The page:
I'm a big TV addict, and I did an episode with Ramin Djawadi, the composer for Game of Thrones. [The theme song] is a really iconic part of the show. I was surprised to find out how much thought went into it, not just musically but in attention to the story itself.
When we actually sat down and started talking about it, he explained that it starts with a solo instrument, and then it becomes two instruments. It becomes a violin and a cello. That's because so often in the show, you follow the path of one character and then another character. Characters are often teamed up and then split apart, and then new team-ups happen, and he wanted to mirror that in the arrangement. That was a level of depth that I really appreciated but was surprised by. It made the track even more impressive to me.
An episode like this is fundamentally different from one like the Magnetic Fields episode, in that the song you're talking about isn't a pure original. It's a reaction, in some ways, to another work of art. When that's the case, how do you shift your process as an interviewer?
I get to ask questions about how they're responding to something else, as opposed to responding to something of their own creation, where it's like, "Oh, I have an idea," and you get to delve into why that idea came into existence.
Here, there is this preexisting thing they're reacting to. Then they have to take who they are and understand what this preexisting thing is and find a way to fuse them. It's a different kind of problem to solve. Fundamentally, Song Exploder is a show about problem-solving. This just reconceptualizes what the problem is.
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3) When the Album Leaf turned an instrument malfunction into a vital part of a song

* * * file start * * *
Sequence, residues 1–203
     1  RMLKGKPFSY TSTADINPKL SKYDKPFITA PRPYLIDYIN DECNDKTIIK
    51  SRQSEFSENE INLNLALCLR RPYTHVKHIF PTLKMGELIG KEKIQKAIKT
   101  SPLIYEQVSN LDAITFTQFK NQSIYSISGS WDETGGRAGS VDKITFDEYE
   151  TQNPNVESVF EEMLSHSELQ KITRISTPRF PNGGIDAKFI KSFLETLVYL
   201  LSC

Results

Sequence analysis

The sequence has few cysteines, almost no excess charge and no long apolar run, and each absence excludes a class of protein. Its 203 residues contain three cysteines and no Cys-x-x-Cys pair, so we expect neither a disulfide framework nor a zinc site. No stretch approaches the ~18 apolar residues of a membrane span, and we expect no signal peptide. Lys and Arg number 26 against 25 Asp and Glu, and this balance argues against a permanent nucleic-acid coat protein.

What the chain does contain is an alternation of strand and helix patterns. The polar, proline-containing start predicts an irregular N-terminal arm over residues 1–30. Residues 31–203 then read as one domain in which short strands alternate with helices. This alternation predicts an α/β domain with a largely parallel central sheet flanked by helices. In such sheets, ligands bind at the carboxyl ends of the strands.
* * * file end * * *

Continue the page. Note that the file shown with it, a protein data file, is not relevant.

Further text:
This wasn't so much solving a problem as it was turning a bug into a feature. [Jimmy LaValle, the only permanent member of the Album Leaf] was in Iceland with Sigur Ros, recording an album. He uses a Fender Rhodes electric piano, and he didn't have the one he normally uses, so he had to rent one. This one happened to have its speaker on the bottom of the piano, and the sustain pedal had a squeak. In order to record the sound, you have to have the microphone on the bottom of the piano where the speaker is, which meant that the squeak of the sustain pedal kept getting picked up by the mic, and there was no way to get around it. It's in the recording.
It's a song from 2004. I'd heard it many, many, many times and never realized that [the squeak] wasn't an intentional part of the fabric of the song. Those were the circumstances, and that just became part of the song.
This was Song Exploder's very second episode. Since we're talking about the show's early days, what inspired you to start this podcast?
My background is somebody who self-produces. I don't have any real formal training. I don't really know how to engineer. I was writing songs, got a microphone, and started to record them myself.